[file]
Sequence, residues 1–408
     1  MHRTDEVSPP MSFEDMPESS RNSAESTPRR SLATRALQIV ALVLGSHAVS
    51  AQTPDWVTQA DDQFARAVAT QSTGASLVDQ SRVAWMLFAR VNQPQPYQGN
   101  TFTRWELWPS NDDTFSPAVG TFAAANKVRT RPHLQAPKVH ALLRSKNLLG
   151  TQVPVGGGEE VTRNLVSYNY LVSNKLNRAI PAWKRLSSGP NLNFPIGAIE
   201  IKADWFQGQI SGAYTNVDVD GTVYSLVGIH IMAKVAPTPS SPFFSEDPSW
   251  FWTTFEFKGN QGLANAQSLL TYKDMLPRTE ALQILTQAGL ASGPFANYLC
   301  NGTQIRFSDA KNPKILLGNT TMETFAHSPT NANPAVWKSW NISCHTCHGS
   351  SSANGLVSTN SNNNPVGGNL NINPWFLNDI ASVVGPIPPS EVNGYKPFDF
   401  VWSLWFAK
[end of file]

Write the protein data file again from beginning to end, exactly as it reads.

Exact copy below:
Sequence, residues 1–408
     1  MHRTDEVSPP MSFEDMPESS RNSAESTPRR SLATRALQIV ALVLGSHAVS
    51  AQTPDWVTQA DDQFARAVAT QSTGASLVDQ SRVAWMLFAR VNQPQPYQGN
   101  TFTRWELWPS NDDTFSPAVG TFAAANKVRT RPHLQAPKVH ALLRSKNLLG
   151  TQVPVGGGEE VTRNLVSYNY LVSNKLNRAI PAWKRLSSGP NLNFPIGAIE
   201  IKADWFQGQI SGAYTNVDVD GTVYSLVGIH IMAKVAPTPS SPFFSEDPSW
   251  FWTTFEFKGN QGLANAQSLL TYKDMLPRTE ALQILTQAGL ASGPFANYLC
   301  NGTQIRFSDA KNPKILLGNT TMETFAHSPT NANPAVWKSW NISCHTCHGS
   351  SSANGLVSTN SNNNPVGGNL NINPWFLNDI ASVVGPIPPS EVNGYKPFDF
   401  VWSLWFAK